If you want to get started in rock climbing it might feel a little intimidating with all the equipment and safety issues to consider, but it doesn’t need to be like that. There are many different elements to rock climbing and lots of ways to get started safely.
The easiest way to start rock climbing is by going to an indoor rock climbing gym where the regular outdoor climbing experiences will be replicated but in a safer environment. They tend to use artificial walls, with various routes of different difficulty levels.
Using an indoor climbing gym is a great way learn and practice all the skills of rock climbing, safely, and to experience the different rock climbing disciplines which are called bouldering, lead climbing and top roping.
So, if you want to learn to rock climb, it’s important to understand the difference between the three types of climbing:
Bouldering is often the starting point for newbie rock climbers because it requires no special equipment and minimal training. Bouldering involves climbing without any kind of harness or rope, just relying on your own hands and feet.
It is normally carried out with a height limit of around 20 feet and crash mats are always used in case a climber should slip and fall. There are many indoor gyms dedicated solely to this kind of rock climbing.
It is a popular form of fitness exercise as it builds up stamina and strength, as well as enhancing your concentration levels and hand co-ordination. Bouldering requires only climbing shoes and chalk to keep your hands dry.
It is made more competitive by creating problem areas such as overhangs, or gaps between the boulders, which can be practiced safely in an indoor gym, but would prove more challenging when climbing actual rock faces.
The next level of rock climbing is called top roping, which is one of the most popular versions of indoor and outdoor rock climbing. With this type of climbing a rope is anchored to the top of the climb and is then belayed to the ground.
This means when the climber is ascending, they can rely on the rope to prevent falls and also to help them climb over more difficult areas, making it a less physically strenuous climbing experience than bouldering.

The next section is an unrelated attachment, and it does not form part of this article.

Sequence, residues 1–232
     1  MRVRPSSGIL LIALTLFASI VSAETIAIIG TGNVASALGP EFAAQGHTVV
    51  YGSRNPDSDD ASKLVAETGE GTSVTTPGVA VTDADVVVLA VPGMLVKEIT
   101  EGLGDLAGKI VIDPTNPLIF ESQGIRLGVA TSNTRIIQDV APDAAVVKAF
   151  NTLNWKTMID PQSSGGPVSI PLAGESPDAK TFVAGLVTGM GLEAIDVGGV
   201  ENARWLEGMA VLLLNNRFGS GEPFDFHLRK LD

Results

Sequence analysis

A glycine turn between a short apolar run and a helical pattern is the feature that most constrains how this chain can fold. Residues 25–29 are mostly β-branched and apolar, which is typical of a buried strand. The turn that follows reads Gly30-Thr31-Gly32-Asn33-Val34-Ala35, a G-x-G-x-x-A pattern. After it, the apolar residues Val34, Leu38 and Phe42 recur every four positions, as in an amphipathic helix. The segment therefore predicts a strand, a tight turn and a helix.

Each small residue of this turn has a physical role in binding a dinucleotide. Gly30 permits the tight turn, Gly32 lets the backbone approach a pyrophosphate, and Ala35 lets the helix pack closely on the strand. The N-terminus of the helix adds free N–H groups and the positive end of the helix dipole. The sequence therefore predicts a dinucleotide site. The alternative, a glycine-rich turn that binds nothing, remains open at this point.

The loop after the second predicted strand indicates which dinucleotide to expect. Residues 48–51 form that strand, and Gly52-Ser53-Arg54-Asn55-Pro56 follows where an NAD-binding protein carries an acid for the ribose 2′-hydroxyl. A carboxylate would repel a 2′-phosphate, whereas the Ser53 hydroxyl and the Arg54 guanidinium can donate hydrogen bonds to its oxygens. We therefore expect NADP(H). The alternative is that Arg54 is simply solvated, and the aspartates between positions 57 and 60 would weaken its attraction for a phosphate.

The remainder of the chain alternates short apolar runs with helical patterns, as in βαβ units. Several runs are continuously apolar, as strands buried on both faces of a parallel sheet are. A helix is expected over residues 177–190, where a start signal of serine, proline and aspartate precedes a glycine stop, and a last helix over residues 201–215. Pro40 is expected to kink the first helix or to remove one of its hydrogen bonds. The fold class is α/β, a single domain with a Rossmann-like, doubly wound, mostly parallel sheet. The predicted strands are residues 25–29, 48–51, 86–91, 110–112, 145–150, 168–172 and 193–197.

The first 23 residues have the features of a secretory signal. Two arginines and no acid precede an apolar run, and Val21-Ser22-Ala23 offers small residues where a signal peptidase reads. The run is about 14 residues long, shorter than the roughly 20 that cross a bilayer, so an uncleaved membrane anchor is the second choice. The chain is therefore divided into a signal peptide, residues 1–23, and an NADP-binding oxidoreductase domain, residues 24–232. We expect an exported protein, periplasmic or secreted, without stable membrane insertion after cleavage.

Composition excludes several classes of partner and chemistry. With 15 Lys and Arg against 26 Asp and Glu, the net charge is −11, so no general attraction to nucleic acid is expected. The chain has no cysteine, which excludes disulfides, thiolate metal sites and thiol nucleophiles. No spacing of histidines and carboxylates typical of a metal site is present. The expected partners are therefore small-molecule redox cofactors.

With top roping there are more options for carrying out this particular form of climbing out in the natural world as there is no height limit and the rope provides an element of safety in preventing the climber from falling.
While top roping involves fixing temporary ropes where the climb is going to take place, sport climbing uses a designated route which has ready fixed bolts for the lead climber to attach the rope and his harness to as he goes up.
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One of the risks with this type of climbing is the potential for the climber who goes first to attach the rope, to fall a great distance. The pre-determined route is permanently bolted so climbers following these can only go where the route takes them.
This form of rock climbing sees the lead climber putting up removable protection for climbers, which is then taken away as the climb is completed. So the route is not fixed like a sports climb and provides more opportunity for exploring.
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There are no limits or boundaries and traditional climbers can go wherever they want to as long as they have the right equipment to take with them. It is riskier than sports climbing because the route is not tried and tested.
It is felt that traditional climbing is more environmentally friendly than sports climbing as there is no permanent damage to the rocks involved and all of the equipment is removed and taken away at the end of the climb.
Perhaps the most extreme form of rock climbing and not one for the beginner or the faint-hearted is free soloing. This is when a climb works alone and without any kind of protective equipment. They rely solely on their ability and climb to any height they choose. This is the most dangerous version of the sport and only undertaken by a few very experienced specialists.
When it comes to rock climbing there are many different techniques to think about, depending on the type of experience you are looking to have. Whether you learn your skills at an indoor gym, before practicing outside, or you choose to use rock climbing indoors as an addition to your exercise regime, the opportunities to enjoy this sport are endless.
From bouldering with little equipment, to top roping; from traditional climbing to free soloing, there really is a form of rock climbing to suit every skill level and every fitness and strength level.